[Updated 8/20/18, 4:47 p.m. See below.] Efforts to boost diversity and inclusion at life science organizations are themselves becoming more diverse. A growing number of biotech companies are adjusting their recruitment and hiring practices to ensure that their employee rosters—from the lab to the boardroom—better reflect the diversity of society.
But recruitment is just one of the areas highlighted in the diversity initiatives undertaken by the finalists in the Xconomy Awards Commitment to Diversity category. Other efforts include mentoring students and young scientists who will form the next generation of biotech workers; broadening patient diversity in clinical research; and linking LGBTQ workers across the life sciences sector.
The winner in the Commitment to Diversity category will be announced along with the other winners at a gala on Wednesday, Sept. 5. In the meantime, here’s a look at the 2018 diversity award finalists.
Addgene—Embracing Diversity in All Forms
Addgene is a nonprofit organization that serves as a plasmid repository, allowing scientists from more than 95 countries to share the genetic material and associated data for research and collaboration. Executive director Joanne Kamens says that a commitment to a diverse work culture aligns with the mission of the Cambridge-based nonprofit. “There are great people and great science everywhere,” she says. “It is part of our daily work to ease communication and sharing of scientific resources across borders.”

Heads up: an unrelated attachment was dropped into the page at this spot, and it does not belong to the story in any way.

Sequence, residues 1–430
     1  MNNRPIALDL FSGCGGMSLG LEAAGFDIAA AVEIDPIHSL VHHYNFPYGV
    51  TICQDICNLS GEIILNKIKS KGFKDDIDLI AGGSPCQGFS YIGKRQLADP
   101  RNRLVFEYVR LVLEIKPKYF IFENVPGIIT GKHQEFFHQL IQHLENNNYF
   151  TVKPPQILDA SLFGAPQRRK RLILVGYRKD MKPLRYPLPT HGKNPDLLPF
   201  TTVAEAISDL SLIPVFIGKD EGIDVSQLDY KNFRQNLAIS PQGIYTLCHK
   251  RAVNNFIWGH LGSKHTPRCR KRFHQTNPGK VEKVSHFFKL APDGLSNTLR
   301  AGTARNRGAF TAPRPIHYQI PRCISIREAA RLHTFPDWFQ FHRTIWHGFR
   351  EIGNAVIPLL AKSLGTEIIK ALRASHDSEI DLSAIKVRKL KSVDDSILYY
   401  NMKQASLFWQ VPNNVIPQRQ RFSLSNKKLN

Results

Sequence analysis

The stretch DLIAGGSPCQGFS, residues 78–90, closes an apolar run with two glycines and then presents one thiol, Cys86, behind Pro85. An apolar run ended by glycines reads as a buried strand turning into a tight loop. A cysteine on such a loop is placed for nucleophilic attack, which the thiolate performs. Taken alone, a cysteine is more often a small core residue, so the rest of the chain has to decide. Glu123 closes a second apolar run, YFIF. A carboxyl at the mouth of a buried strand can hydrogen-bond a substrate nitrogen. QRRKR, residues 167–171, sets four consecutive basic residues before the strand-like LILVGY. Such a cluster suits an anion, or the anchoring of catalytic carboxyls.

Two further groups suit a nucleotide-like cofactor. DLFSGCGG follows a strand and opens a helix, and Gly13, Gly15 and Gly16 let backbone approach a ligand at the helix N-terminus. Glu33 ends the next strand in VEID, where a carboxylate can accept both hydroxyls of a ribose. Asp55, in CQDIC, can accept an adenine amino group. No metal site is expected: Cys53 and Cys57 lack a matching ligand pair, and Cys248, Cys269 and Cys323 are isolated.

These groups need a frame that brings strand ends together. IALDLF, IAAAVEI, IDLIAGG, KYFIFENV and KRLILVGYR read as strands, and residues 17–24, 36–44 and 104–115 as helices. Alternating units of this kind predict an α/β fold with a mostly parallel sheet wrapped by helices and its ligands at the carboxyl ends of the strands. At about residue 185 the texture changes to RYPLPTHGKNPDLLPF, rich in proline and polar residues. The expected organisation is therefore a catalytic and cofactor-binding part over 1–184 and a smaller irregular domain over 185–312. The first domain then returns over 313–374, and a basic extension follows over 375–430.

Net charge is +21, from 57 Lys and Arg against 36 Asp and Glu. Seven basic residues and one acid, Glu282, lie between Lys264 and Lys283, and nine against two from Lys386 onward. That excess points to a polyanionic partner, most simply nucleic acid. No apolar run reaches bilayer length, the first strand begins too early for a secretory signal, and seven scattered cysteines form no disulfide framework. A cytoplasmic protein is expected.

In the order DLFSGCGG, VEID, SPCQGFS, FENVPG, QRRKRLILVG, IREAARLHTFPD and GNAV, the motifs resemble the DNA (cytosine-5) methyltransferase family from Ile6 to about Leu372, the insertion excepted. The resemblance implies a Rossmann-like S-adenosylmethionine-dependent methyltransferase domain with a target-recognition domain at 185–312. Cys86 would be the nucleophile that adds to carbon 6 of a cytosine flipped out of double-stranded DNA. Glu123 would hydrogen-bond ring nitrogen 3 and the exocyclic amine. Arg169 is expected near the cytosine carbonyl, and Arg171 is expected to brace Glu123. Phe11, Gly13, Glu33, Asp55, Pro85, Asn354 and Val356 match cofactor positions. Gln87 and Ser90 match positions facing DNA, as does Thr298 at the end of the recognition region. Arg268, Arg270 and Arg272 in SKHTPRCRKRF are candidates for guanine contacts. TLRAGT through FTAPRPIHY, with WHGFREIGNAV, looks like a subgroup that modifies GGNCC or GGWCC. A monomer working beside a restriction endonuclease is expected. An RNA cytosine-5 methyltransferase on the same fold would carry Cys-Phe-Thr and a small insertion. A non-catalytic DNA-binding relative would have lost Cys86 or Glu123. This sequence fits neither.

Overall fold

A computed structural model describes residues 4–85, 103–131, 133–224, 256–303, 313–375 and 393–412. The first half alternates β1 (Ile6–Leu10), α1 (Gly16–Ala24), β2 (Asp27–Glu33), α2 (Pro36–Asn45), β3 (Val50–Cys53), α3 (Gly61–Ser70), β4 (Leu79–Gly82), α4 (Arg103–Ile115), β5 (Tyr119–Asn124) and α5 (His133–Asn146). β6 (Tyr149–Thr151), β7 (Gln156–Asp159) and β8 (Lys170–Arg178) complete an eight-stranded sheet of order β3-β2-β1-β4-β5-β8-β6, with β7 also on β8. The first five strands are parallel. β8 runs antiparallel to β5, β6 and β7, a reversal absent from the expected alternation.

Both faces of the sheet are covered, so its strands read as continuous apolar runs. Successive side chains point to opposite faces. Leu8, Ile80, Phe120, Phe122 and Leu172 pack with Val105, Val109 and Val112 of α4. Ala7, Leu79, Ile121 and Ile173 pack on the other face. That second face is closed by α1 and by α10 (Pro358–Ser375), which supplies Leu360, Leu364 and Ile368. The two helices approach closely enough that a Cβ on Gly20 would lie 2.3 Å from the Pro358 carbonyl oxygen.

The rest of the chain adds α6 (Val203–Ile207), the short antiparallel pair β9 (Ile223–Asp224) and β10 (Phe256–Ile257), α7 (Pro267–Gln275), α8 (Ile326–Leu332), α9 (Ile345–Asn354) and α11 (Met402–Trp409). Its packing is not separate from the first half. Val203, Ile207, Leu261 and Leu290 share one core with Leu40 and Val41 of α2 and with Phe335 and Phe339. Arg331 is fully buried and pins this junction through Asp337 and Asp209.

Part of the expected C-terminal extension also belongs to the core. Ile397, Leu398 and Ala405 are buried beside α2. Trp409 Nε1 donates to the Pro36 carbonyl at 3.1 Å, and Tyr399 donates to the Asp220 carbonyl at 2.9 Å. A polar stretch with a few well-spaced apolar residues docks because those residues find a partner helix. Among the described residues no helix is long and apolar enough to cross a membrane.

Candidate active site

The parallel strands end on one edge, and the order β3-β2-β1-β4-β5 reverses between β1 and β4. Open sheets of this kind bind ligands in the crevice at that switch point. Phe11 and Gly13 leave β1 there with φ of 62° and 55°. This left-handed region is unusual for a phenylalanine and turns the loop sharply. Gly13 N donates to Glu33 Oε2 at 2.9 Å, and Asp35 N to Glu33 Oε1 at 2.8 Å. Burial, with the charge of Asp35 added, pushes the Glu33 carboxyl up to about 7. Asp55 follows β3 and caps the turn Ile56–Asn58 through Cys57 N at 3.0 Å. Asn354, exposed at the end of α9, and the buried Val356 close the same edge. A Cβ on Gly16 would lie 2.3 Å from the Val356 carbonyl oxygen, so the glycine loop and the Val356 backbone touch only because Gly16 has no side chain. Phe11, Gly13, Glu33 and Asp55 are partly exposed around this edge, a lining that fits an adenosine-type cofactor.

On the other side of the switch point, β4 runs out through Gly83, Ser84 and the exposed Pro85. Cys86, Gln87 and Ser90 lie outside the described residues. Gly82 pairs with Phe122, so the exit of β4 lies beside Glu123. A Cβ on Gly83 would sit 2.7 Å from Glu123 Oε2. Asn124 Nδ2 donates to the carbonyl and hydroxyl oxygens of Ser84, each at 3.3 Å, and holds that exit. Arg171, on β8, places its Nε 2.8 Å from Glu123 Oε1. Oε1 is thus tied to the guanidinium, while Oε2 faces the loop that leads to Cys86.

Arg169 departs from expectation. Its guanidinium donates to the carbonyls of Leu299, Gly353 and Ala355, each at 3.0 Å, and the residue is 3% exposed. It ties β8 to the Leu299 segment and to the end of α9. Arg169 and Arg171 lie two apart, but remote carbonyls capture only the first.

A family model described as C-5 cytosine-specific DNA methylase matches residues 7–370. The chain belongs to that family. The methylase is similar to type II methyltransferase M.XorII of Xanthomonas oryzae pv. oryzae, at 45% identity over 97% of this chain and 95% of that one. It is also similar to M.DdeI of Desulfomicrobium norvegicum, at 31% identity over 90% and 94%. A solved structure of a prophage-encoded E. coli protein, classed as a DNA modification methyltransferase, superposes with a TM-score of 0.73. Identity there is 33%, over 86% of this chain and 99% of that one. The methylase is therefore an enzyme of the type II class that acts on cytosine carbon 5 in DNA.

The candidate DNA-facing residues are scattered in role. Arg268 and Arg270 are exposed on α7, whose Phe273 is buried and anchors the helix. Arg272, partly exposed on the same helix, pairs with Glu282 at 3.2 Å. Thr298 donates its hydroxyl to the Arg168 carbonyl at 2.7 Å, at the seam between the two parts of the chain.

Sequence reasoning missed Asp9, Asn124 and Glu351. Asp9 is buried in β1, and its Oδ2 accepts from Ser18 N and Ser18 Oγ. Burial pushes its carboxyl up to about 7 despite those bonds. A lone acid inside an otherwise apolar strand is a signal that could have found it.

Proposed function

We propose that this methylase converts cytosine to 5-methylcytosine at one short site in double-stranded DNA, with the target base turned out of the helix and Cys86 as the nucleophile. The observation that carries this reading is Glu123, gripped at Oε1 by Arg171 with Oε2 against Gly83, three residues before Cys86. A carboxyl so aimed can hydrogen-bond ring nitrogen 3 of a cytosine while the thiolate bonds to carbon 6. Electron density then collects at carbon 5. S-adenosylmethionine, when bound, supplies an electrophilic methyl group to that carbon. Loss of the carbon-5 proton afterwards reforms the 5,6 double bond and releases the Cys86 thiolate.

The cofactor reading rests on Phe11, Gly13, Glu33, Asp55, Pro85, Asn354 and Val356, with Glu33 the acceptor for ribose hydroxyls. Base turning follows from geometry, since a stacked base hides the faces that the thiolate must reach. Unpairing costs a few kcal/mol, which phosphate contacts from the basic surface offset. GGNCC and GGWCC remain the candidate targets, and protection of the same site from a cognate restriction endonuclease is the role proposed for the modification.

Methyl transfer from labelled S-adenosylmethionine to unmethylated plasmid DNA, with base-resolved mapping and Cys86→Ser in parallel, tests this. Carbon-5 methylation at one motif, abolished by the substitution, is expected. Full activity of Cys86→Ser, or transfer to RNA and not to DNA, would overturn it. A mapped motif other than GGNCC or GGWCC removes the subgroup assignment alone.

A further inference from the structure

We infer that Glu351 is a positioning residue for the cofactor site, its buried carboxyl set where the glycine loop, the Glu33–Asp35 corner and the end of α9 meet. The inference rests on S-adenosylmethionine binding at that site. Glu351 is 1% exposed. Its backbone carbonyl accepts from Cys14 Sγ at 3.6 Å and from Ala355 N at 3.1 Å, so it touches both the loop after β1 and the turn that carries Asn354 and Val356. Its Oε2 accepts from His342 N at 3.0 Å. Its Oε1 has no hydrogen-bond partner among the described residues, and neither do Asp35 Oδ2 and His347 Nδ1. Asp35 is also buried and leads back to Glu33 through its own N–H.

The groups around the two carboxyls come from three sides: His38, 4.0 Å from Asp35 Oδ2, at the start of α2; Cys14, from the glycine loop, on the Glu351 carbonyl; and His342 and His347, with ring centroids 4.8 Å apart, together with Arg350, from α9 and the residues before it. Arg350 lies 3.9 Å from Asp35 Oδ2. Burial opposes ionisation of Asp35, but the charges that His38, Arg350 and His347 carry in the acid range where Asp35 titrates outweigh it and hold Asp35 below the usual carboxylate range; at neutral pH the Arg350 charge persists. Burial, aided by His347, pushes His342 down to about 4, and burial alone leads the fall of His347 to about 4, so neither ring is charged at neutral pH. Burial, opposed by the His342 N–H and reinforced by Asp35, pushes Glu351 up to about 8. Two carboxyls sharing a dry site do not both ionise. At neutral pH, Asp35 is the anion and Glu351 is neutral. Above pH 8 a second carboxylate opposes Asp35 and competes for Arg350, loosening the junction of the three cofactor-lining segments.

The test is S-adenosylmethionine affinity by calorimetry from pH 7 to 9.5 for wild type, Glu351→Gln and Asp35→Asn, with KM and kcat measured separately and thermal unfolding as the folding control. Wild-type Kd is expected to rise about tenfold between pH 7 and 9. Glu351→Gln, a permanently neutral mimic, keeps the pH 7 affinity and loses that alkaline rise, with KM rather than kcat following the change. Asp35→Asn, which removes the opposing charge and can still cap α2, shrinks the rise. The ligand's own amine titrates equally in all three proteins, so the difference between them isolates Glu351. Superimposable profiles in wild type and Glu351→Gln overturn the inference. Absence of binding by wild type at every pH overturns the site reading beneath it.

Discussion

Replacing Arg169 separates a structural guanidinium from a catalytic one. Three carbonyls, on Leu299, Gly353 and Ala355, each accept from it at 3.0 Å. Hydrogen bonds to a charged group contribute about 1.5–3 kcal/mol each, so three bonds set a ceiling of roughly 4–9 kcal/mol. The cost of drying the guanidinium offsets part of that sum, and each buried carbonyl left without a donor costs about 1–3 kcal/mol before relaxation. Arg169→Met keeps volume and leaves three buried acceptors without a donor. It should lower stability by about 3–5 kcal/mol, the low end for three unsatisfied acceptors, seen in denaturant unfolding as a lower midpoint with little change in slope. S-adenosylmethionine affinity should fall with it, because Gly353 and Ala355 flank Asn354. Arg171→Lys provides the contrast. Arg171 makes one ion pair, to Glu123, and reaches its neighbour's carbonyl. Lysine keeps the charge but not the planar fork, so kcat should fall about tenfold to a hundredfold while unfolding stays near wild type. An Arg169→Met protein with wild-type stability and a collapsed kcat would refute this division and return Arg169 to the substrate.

Diversity at Addgene starts at the top, where women comprise half of Addgene’s board of directors and management team, and extends to the rank and file, where women make up 58 percent of the organization’s 90 workers. The company works with Just-A-Start, a non-profit organization focused on community development for people from low- to moderate-income backgrounds. Just-A-Start’s programs include one focused on developing biomedical careers. Kamens says Just-A-Start helped Addgene recruit early-career scientists for part-time jobs. So far, seven of those recruits have been promoted to full-time positions at Addgene. Kamens says diversity also includes the abilities of its workers. One longtime Addgene employee, a woman who has Down’s syndrome, makes boxes in the company’s packing room.
“By being diversity minded, we can get the best people others might not even consider,” Kamens says.
Pandion—Diversity of Background, Thinking & Experience
Pandion Therapeutics is still in its early stages, having just closed its first round of funding at the start of 2018. The Cambridge biotech is developing antibody drugs to treat immune disorders and has also taken steps to make sure that diversity is part of its culture from the start. The company’s small staff is evenly split between men and women, and immigrants comprise half of its staff. Pandion says this focus on diversity comes from Jo Viney, the company’s co-founder and chief scientific officer.